Bruises are caused by bleeding into the tissues underneath or into the skin and can appear immediately or even days after an injury. Bruises can be a sign of deep injury in certain cases, and it is important to note that individuals taking blood thinners bleed and bruise rather easily. To treat bruises, it is important to follow RICE:
Rest the injured area if possible
Ice the injured area for at least 10 minutes by administering ice wrapped in a towel or a cold compress
Compress the injured area if it is swelling by wrapping it in an elastic bandage
Elevate the injured area if possible.
Seek medical care if painful swelling continues, pain persists 3 days after a minor injury, you have frequent large or painful bruises (especially on your face, trunk, or back), you experience bleeding from other locations such as your nose or gums, you bruise easily or have a history of significant bleeding, a lump (hematoma) forms over the bruise, you acutely begin bruising without a prior history of bruising, or if you have a family history of easy bleeding or bruising. These symptoms could be indicators of a more serious health problem, such as a blood disease.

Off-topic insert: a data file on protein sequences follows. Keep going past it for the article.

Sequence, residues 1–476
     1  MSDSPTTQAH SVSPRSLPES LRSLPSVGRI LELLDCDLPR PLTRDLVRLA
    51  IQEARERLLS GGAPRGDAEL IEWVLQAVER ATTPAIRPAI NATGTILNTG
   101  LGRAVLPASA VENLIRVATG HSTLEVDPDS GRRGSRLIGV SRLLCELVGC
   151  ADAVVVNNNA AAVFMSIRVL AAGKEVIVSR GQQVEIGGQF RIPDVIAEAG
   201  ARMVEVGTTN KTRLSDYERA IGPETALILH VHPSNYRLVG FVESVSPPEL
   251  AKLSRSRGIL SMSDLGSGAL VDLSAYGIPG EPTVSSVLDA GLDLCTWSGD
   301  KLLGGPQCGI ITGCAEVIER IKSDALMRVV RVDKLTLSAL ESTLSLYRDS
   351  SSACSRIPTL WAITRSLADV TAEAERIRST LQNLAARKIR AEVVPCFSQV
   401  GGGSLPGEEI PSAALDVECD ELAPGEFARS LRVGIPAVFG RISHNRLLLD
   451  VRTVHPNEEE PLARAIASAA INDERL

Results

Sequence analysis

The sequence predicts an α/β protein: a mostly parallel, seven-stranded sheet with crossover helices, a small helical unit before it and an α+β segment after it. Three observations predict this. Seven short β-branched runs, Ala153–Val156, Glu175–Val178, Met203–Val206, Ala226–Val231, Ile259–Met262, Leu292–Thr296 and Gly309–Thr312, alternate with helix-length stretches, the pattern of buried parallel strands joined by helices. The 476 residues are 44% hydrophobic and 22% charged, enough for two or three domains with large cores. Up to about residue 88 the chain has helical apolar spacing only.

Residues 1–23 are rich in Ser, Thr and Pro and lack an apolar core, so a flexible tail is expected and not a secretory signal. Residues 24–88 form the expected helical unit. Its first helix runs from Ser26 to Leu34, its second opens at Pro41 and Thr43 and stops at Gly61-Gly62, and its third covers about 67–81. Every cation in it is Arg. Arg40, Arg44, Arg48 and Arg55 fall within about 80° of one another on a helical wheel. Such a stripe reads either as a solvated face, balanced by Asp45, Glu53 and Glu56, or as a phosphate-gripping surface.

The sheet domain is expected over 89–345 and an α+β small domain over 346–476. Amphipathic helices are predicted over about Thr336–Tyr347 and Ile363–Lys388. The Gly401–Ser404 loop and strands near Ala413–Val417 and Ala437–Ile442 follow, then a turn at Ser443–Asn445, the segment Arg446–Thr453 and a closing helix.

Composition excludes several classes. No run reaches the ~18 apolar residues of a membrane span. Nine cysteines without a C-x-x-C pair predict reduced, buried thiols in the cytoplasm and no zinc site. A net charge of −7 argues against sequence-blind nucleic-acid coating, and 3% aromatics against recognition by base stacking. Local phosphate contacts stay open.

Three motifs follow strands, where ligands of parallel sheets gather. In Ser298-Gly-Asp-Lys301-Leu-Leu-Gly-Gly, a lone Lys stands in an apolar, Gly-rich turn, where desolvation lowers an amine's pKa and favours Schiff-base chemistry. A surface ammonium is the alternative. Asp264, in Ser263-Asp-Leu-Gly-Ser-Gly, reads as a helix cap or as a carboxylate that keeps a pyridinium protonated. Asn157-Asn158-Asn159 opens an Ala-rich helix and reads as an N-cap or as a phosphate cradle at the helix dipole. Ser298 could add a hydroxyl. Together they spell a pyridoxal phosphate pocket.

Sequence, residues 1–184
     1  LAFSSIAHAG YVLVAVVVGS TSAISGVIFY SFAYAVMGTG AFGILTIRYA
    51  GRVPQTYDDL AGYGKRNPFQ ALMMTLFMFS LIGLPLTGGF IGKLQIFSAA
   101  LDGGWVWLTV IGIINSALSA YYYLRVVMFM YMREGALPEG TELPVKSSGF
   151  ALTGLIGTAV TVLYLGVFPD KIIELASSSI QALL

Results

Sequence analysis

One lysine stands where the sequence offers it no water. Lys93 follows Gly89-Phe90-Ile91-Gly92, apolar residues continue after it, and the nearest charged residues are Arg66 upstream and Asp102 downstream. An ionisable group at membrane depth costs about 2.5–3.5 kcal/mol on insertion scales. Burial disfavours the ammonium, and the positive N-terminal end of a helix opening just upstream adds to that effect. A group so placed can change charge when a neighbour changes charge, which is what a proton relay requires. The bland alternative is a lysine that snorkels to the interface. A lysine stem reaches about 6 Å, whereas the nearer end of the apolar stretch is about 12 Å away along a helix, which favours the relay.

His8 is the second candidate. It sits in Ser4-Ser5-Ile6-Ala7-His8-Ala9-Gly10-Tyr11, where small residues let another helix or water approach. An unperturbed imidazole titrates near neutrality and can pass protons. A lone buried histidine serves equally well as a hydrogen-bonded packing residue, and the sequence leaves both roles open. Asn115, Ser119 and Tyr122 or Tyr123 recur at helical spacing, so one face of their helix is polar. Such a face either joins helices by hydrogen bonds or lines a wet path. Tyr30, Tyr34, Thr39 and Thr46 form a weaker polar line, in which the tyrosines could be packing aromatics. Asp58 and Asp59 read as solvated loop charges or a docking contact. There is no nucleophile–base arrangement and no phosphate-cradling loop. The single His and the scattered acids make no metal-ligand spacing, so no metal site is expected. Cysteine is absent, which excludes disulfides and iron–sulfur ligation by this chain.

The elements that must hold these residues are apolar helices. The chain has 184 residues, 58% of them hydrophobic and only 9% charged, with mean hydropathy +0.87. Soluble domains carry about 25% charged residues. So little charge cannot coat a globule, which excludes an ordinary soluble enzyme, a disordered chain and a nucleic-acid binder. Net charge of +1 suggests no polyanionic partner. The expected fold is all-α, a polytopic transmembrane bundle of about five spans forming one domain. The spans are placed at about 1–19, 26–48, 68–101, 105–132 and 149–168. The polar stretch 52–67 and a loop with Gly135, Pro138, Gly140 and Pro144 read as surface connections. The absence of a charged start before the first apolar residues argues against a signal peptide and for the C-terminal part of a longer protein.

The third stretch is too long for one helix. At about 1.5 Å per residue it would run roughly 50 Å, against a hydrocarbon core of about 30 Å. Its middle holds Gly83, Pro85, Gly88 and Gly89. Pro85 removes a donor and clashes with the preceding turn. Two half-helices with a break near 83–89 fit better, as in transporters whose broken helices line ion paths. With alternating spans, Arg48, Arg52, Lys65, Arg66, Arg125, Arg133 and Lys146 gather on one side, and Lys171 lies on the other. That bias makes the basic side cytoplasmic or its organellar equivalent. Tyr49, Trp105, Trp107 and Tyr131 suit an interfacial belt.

Image obtained from https://commons.wikimedia.org/wiki/File:Upper_Arm_Bruise.jpg
License: CC BY-SA 3.0
Austin, M., Crawford, R., & Armstrong, V. J. (2014). First aid manual. (G. M. Piazza, Ed.) (5th ed.). DK Publishing. https://kuiyem.ku.edu.tr/wp-content/uploads/2016/12/American-College-of-Emergency-Physicians-ACEP-First-Aid-Manual.pdf.
Mayo Clinic Staff. (2020, November 12). Bruise: First aid. Mayo Clinic. https://www.mayoclinic.org/first-aid/first-aid-bruise/basics/art-20056663.